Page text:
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'Iconic species' makes dramatic comeback after disappearing 50 years ago: '[A] historic reintroduction'

"This … will help re-establish a sanctuary for this iconic species."

Dramatic comeback of platypuses

Photo Credit: iStock

Once believed to be gone forever, platypuses are being reintroduced to Sydney's Royal National Park after disappearing five decades ago. 

Conservationists aren't sure exactly why the peculiar egg-laying aquatic mammal vanished from the rivers of Royal National Park. It could have been due to a chemical tanker spill on the nearby Princes Highway or excessive predation by foxes or cats, the Good News Network reported. 

Regardless, they're making a comeback! 

In a collaborative effort involving the University of New South Wales, National Parks and Wildlife Service, and World Wildlife Foundation, conservationists recently reintroduced the first batch of five female individuals into the Hacking River. 

This marks the initial phase of the reintroduction project. 

Recent studies estimate at least 15,000 species are now facing the threat of extinction on Earth. Determining the exact extinction rate is challenging since many endangered species have yet to be identified or studied.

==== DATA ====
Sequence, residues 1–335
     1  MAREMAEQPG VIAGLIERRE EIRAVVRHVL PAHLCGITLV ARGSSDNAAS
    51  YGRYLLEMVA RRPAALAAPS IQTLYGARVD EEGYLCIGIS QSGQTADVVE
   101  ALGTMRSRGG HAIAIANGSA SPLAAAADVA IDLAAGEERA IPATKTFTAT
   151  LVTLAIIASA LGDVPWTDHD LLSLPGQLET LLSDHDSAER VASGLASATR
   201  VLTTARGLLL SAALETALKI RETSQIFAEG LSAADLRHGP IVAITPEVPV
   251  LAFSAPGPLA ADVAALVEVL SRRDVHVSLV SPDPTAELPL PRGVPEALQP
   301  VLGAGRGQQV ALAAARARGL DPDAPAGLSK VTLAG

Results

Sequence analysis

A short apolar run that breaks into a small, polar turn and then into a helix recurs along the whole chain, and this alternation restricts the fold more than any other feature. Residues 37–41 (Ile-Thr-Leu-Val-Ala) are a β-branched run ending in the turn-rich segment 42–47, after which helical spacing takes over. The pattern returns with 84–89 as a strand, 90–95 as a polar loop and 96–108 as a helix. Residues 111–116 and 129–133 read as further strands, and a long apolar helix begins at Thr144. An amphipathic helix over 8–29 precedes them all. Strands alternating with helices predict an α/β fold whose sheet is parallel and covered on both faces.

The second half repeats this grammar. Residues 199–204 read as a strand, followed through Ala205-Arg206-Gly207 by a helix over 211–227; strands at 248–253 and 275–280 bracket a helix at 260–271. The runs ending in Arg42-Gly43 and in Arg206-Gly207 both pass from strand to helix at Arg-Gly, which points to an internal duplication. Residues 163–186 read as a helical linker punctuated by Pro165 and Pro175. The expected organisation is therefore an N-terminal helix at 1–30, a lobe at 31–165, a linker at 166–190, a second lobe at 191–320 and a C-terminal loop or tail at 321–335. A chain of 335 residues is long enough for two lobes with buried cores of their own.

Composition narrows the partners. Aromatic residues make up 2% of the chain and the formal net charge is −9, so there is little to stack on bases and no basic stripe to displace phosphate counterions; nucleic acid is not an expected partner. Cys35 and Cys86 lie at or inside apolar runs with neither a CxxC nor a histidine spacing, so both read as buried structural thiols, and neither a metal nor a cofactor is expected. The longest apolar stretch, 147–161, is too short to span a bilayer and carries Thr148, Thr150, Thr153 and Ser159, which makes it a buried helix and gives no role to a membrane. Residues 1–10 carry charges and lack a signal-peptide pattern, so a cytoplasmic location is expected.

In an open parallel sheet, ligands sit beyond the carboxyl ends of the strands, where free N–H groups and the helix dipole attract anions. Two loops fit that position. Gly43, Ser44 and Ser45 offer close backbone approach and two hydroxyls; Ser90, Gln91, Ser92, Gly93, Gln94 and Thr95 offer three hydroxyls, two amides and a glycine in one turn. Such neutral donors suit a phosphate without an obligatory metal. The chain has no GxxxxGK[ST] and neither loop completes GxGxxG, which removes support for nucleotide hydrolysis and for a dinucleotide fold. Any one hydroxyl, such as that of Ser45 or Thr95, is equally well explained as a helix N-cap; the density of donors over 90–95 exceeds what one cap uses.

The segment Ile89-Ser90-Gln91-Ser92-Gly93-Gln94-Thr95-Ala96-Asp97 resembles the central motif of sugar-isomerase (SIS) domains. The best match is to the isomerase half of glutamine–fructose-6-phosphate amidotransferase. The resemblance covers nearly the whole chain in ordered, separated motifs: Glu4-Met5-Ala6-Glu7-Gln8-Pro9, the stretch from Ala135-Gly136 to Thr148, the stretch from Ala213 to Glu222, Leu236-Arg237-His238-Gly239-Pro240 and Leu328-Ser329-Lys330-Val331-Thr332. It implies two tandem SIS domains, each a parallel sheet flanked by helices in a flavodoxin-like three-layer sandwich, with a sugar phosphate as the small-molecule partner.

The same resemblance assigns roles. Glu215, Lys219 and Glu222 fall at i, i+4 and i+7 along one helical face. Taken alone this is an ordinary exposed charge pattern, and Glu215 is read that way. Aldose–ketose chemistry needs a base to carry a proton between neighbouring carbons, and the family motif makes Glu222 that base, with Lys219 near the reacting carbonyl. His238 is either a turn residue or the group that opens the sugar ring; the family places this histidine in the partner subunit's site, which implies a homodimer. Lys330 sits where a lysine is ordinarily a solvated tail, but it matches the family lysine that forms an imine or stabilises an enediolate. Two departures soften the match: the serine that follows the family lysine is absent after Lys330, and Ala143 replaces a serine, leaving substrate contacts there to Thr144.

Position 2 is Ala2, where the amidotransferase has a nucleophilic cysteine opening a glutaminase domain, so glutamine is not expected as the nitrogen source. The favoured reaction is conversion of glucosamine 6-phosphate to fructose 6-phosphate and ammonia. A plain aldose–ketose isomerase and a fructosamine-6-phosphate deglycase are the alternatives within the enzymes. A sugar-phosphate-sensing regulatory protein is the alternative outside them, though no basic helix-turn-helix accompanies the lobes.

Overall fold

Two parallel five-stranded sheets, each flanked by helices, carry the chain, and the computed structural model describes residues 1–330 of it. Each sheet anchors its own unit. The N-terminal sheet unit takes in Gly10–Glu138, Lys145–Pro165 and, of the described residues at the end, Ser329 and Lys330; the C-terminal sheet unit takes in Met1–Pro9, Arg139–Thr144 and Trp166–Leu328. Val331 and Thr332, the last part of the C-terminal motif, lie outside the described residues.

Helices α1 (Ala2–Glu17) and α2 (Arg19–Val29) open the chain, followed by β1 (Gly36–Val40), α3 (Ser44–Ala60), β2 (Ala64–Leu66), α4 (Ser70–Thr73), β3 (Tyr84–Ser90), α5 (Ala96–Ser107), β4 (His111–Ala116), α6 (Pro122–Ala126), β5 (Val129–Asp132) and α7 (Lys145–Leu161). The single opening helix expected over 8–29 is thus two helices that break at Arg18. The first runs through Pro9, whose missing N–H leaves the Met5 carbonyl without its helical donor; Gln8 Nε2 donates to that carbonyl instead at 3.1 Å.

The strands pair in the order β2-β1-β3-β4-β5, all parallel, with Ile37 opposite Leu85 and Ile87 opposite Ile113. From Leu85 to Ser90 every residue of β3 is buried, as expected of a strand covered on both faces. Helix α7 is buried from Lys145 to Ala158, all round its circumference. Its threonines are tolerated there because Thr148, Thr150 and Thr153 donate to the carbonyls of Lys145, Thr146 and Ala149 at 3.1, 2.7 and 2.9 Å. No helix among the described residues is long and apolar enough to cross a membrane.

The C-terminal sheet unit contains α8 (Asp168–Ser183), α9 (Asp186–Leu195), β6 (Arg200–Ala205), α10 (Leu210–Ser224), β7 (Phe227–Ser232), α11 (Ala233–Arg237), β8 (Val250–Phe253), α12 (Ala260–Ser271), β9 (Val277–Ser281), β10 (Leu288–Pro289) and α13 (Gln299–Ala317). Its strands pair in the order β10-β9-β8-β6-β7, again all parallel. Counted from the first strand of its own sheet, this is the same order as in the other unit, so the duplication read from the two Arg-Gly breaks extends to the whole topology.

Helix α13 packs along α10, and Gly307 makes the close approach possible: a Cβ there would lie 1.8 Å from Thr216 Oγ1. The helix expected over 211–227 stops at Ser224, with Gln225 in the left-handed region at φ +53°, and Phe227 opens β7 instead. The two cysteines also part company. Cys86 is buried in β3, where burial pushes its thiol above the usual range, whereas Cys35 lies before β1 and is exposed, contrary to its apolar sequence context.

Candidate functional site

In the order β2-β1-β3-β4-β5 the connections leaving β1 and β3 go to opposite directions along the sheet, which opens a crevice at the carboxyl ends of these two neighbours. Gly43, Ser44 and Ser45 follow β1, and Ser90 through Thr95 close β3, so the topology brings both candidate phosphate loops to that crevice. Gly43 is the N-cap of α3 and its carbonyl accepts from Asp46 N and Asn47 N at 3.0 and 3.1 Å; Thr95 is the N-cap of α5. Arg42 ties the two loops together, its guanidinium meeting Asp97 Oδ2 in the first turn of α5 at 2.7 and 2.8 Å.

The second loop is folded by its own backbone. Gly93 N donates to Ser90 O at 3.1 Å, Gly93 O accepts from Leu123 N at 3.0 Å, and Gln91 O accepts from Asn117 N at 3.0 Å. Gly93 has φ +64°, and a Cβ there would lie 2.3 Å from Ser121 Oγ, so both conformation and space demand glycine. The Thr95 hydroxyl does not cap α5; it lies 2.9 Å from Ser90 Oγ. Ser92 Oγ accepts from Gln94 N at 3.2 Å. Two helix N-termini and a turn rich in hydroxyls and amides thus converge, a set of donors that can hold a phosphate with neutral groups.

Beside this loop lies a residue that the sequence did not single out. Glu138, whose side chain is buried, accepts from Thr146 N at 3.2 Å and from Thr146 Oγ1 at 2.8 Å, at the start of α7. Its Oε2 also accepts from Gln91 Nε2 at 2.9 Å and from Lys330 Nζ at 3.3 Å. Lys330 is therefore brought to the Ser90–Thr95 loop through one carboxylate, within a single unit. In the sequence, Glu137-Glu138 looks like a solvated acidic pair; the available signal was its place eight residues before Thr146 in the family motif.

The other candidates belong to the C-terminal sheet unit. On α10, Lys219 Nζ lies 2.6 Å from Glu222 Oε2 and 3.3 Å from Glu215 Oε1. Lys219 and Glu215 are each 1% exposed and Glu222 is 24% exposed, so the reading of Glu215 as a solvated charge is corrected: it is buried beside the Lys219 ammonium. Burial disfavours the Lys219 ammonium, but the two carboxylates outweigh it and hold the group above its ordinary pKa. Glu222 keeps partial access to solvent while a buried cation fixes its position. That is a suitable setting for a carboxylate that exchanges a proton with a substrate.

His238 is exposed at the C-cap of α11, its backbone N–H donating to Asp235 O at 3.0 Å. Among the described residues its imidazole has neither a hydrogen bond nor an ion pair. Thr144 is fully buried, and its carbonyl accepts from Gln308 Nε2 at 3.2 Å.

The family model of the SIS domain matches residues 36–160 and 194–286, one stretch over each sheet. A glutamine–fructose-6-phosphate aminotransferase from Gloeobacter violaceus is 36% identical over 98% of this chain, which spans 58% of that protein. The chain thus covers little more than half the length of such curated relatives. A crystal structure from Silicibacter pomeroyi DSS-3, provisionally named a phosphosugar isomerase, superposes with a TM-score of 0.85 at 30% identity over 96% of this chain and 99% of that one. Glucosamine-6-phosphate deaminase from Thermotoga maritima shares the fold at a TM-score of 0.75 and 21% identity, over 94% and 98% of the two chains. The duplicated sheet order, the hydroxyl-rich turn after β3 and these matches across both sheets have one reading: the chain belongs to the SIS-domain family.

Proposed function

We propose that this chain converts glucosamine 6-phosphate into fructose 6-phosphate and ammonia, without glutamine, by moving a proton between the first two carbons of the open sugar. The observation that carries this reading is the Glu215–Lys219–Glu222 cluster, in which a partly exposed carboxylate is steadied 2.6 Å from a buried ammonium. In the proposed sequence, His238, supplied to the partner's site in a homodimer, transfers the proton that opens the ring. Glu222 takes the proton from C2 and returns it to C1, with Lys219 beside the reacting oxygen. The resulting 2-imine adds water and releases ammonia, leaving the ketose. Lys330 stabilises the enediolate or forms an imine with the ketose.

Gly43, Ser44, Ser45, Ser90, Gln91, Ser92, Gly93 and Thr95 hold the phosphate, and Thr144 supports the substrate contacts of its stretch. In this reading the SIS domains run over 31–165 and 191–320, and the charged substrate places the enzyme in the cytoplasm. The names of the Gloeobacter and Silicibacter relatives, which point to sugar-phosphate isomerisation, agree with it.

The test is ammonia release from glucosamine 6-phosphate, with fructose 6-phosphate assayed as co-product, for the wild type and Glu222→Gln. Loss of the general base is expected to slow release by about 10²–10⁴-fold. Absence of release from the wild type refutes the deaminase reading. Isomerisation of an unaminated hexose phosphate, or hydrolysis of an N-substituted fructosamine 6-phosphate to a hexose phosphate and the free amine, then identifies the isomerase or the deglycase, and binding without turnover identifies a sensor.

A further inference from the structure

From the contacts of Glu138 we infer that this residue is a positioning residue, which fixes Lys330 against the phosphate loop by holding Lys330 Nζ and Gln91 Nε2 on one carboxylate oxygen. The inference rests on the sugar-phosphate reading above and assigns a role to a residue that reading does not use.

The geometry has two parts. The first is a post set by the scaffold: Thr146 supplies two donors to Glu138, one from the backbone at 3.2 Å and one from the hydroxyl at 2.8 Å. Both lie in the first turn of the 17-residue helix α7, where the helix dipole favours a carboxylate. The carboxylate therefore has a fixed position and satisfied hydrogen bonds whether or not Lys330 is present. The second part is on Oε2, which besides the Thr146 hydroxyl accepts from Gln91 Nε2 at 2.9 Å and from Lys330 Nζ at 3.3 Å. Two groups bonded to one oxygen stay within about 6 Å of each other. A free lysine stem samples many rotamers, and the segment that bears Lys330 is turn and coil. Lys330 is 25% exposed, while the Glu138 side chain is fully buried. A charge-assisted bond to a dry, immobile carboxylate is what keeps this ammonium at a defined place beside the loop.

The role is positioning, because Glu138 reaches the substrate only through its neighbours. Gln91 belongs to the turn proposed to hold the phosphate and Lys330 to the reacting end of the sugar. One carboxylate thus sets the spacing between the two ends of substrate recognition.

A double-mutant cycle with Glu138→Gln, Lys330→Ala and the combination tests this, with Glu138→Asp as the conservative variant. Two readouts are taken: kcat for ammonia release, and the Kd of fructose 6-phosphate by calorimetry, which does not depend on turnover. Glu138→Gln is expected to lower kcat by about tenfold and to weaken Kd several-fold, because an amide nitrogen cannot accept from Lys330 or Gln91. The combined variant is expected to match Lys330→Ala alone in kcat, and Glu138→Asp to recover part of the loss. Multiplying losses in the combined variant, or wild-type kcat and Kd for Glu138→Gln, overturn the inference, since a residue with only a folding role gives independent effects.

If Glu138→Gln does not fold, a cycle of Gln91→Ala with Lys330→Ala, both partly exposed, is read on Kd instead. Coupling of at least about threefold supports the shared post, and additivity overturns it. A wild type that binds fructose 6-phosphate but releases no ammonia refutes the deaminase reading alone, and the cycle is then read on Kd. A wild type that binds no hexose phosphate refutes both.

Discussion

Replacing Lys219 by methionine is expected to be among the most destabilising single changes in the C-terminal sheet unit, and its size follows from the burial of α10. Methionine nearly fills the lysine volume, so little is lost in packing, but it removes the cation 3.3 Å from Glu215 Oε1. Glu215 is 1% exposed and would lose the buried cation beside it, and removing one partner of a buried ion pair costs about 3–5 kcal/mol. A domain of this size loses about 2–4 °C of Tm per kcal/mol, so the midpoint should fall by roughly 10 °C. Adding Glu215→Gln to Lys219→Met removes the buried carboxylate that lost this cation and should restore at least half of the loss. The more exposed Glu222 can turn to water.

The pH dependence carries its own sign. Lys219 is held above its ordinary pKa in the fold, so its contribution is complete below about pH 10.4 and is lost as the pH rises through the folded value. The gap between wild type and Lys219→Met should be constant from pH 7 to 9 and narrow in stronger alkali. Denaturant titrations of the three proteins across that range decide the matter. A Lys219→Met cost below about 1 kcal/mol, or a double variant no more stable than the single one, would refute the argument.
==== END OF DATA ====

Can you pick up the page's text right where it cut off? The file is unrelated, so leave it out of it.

Species have been going extinct while new species have emerged since the Earth began harboring life billions of years ago

But today we are undergoing what scientists call the sixth mass extinction, which is triggered by human activities, such as the unsustainable use of land (in large part due to animal agriculture for meat production), water and energy use, and human-driven climate change.

Although this unfortunate mass extinction is currently underway, some efforts to bring back species have been successful, as some have been put back on the map

An example is that of the black-footed ferrets in the Northern Great Plains of North America, which were declared extinct years ago until being successfully brought back to their natural habitat. 

The goal is also to put the Australian platypuses in the right position to get back on track. 

"We've put females in a week to 10 days before the males go in, just to let those girls settle in without those males who are a bit bolder, a bit boisterous," said Rob Brewster, an Aussie conservationist with the WWF, according to the Good News Network. 

"Hopefully, those females have found that little niche in their new environment and they can settle in together from there on," he added.  

Penny Sharp, the New South Wales Environment Minister, said, "Royal National Park is Australia's oldest national park and I am pleased this historic reintroduction will help re-establish a sanctuary for this iconic species," reported the Good News Network.

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